The basic premise of using the shortest line is that it would lead the smallest internal boundary length. The problem is that recursive subdivision does not necessarily lead to that result collectively. At one time they discussed that a state could hold a contest where the winner would have the smallest internal boundaries, and splitline would simply set an upper limit. While someone might produce a shorter length, it would be unlikely to have a direct political bias.

My conjecture is that maintaining a more balanced number of internal vertices would result in a better global solution (e.g. districts which are pentagons have an average internal angle of 108 degrees, while triangles average 60 degrees, pentagons will tend to be more circle-like).

Splitline sometimes favors creation of needle-like triangles. A median line will tend to pass through higher density areas. In Colorado, the initial split is a north-south line through the Denver area. But a second split is not an east-west split, but rather a needle-like triangle from the Wyoming border down into the Denver area, with much of the population concentrated in the tip.

In Illinois you get a number of cuts chopping off pieces of Chicago. Eventually you will get some larger divisions down-state but mostly you have districts aligning in Chicago with a northwest-southeast orientation, reflecting some of the earlier cuts.

I had thought about a division of an area with N districts into two areas of M and N-M districts, where

1 <= M < N, and choosing the division that produced the best areal balance. Perhaps instead of area, you could use some geometric compactness measure.

A weakness of shortest line is that it may focus too much on local shapes. The shortest cut across California begins at Santa Monica because it the closest point to the Nevada border (and you would expect that a shortest line be normal to the Nevada border), plus there are lots of people in the area.

Imagine that you are applying your algorithm to California. Your first cut will be in the LA area to get enough population on both sides of the line, and will tilt northward to get enough area. Southern California is wider than northern California, so it might not have to reach to Oregon.

Perhaps an east-west line between San Francisco and Los Angeles will work for a second division. But then the northern coastal areas are going to be split into long then strips.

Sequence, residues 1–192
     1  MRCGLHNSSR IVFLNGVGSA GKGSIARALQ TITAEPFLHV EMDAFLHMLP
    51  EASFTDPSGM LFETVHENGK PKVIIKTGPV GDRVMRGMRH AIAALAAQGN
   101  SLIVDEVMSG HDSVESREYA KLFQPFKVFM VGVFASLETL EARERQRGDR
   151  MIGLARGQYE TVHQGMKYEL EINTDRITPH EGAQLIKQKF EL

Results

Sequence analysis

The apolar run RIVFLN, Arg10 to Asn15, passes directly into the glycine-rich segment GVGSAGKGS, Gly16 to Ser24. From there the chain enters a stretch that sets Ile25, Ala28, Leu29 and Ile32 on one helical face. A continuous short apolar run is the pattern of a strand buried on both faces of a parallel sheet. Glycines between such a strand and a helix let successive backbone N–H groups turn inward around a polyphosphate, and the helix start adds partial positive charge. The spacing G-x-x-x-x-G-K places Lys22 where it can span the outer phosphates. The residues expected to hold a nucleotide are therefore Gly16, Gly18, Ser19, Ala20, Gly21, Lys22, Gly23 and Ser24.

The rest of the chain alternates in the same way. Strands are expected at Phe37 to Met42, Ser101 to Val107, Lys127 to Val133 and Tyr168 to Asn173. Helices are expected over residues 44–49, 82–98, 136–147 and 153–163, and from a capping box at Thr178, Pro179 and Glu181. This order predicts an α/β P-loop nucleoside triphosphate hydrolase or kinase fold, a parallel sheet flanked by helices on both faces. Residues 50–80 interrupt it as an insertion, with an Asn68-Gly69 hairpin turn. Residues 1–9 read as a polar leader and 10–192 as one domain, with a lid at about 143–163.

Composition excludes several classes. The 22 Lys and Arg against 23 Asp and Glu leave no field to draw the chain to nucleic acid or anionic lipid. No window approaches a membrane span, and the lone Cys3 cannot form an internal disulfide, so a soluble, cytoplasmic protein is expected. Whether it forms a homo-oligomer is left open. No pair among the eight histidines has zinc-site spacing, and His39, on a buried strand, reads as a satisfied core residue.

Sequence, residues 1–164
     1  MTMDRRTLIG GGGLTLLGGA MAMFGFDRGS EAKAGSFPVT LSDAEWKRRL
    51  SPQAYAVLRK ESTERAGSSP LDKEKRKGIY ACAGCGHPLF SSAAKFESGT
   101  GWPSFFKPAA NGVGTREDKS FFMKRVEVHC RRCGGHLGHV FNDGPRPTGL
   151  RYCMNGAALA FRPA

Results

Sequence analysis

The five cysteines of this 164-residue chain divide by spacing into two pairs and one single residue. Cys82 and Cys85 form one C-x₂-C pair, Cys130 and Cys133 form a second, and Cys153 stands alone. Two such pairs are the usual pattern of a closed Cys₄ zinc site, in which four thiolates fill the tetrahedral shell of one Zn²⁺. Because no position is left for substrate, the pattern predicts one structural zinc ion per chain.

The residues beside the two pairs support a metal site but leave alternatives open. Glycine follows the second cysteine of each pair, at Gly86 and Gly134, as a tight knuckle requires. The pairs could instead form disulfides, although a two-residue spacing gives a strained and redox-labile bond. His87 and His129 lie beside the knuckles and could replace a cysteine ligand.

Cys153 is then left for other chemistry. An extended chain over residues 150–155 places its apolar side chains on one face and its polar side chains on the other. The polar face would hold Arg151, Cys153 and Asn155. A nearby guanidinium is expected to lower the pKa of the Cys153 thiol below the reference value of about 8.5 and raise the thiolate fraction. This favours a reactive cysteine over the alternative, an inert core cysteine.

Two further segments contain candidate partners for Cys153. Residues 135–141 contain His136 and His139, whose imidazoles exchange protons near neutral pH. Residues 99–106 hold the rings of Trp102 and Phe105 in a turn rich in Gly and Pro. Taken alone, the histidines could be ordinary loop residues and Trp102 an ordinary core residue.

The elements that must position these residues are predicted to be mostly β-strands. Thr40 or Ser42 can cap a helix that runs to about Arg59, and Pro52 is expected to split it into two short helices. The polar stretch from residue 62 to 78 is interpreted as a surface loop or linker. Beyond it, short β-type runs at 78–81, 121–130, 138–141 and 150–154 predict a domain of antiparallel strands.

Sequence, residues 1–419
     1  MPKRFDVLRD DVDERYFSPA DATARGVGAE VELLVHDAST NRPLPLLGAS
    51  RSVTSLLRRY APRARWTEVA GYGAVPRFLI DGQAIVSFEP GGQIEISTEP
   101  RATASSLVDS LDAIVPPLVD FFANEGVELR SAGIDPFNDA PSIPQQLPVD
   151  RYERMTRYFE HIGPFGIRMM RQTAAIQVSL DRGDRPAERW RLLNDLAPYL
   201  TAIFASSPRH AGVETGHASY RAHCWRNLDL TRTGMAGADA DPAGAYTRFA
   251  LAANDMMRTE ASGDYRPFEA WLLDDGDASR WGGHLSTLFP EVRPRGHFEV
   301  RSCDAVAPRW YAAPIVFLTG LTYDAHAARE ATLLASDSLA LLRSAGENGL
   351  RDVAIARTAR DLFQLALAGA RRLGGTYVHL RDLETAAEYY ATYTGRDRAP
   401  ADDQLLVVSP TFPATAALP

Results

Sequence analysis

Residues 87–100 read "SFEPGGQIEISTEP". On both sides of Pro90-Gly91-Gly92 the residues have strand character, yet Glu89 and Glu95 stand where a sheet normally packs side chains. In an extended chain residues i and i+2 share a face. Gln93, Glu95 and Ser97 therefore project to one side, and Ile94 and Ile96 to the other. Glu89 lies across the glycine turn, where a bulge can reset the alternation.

Back to mechanics. You will want to use a gnomic projection, which ensures that straight lines on your map correspond to great circles on a sphere.

If your atoms are census blocks, each has:

(1) population, which may be 0;

(2) an internal point, which is typically the centroid of the block, but may be shifted to be internal to the census block, and for your purposes is sufficient to represent the population;

(3) a land and water area.

It is relatively trivial for an initial cardinal angle of North, to sort the blocks by a y coordinate (after the gnomic projection) and find the population median, and calculate the total area of the subareas.

For a dividing line of angle d, you don't have to do a full rotation. You can use:

x' = x

y' = y + x sin(d)

For a given angle, sin(d) is a constant.

In effect for a given angle, you don't have to slide the dividing line parallel to the initial line, but can slide it somewhat obliquely, since that line will also be parallel, and you aren't determining distance, but merely whether a point is to the left or right of the line.

You might be able to simply step d by some increment, and then perhaps refine near cross-over points.

I am not confident that f(d) is continuous.

A problem with using census blocks is that there is a ginormous amount of them. Larger states have more than one million census blocks.

An alternative would be to use block groups, which are collections of census blocks with a couple of useful features:

(1) They are roughly 1000 persons in size, so they can aggregate lots of census blocks in sparsely populated areas;

(2) They may have some degree of demographic homogeneity, since they are intended to produce useful statistical data from the ACS, thus districts may have a little bit of COI coherence.

If you use block groups, you probably want to use the center of population (perhaps this is already done by the Census Bureau) for location.

QGIS is quite useful for converting spreadsheet data to maps.

Regarding the power of 2 problem:

I had at one time thought at one time apportioning representatives to whole units like counties, and then using some automated process to divide the residual population.

Think of California, and let's say Los Angeles County is equivalent to 12.437 districts. We apportion 12 districts to Los Angeles, and then assign the residual population of 0.437 districts throughout the county (0.437/12.437) * population of each atom.

Then divide the residual from all counties on a statewide basis.

But let's say we create 1024*53 districts in California. We can apportion those to each county, and perhaps a secondary apportionment to individual cities. Then create districts within each city and county.

And finally aggregate the districts pairwise in 10 rounds to create the final 53 districts.